When Madde Hoberg first envisioned an exhibition for the Main Library Gallery, she saw the potential for a space filled with local queer history, joy, resistance, and creativity. Three years after her initial exhibit proposal, Out & About: Queer Life in Iowa City is now open for all to visit.
“We invite everyone to explore some of the diverse and complex history of LGBTQ life through an Iowa City lens,” said Hoberg, who is library annex assistant for the University of Iowa Libraries. “The exhibit starts with the foundation of the Gay Liberation Front on the University of Iowa campus in 1970—itself a response to the Stonewall Riots in New York City—and illustrates the evolution of LGBTQ rights, advocacy, community needs, and queer joy through the present day.”
Diversity, equity, accessibility, and inclusion are important values for the University of Iowa Libraries. The exhibition recounts stories from the recent past about queer student groups, Iowa City businesses and organizations, and publications by showing a variety of documents, photos, artifacts, and ephemera from local archives. Materials on display in the exhibition are from collections in the University Archives and Iowa Women’s Archives at the UI Libraries and from the LGBTQ Iowa Archives & Library in Iowa City.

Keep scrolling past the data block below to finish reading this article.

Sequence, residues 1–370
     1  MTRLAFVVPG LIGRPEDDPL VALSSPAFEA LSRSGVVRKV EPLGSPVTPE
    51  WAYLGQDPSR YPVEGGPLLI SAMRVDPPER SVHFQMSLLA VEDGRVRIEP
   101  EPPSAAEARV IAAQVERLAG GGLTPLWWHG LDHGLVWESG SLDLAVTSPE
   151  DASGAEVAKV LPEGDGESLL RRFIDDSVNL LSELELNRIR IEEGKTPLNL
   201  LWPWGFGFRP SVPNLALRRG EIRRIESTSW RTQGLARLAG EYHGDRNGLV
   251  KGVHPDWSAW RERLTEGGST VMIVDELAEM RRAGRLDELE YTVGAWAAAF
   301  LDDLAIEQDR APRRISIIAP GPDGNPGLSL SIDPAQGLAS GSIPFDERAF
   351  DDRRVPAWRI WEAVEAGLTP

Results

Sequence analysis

Hoberg was also able to procure a few objects, stories, and statements for display directly from community members. Such treasured items as University of Iowa Rainbow Graduation cords, a Gamma Rho Lambda paddle, and I.C. Kings-related accessories appear in the gallery.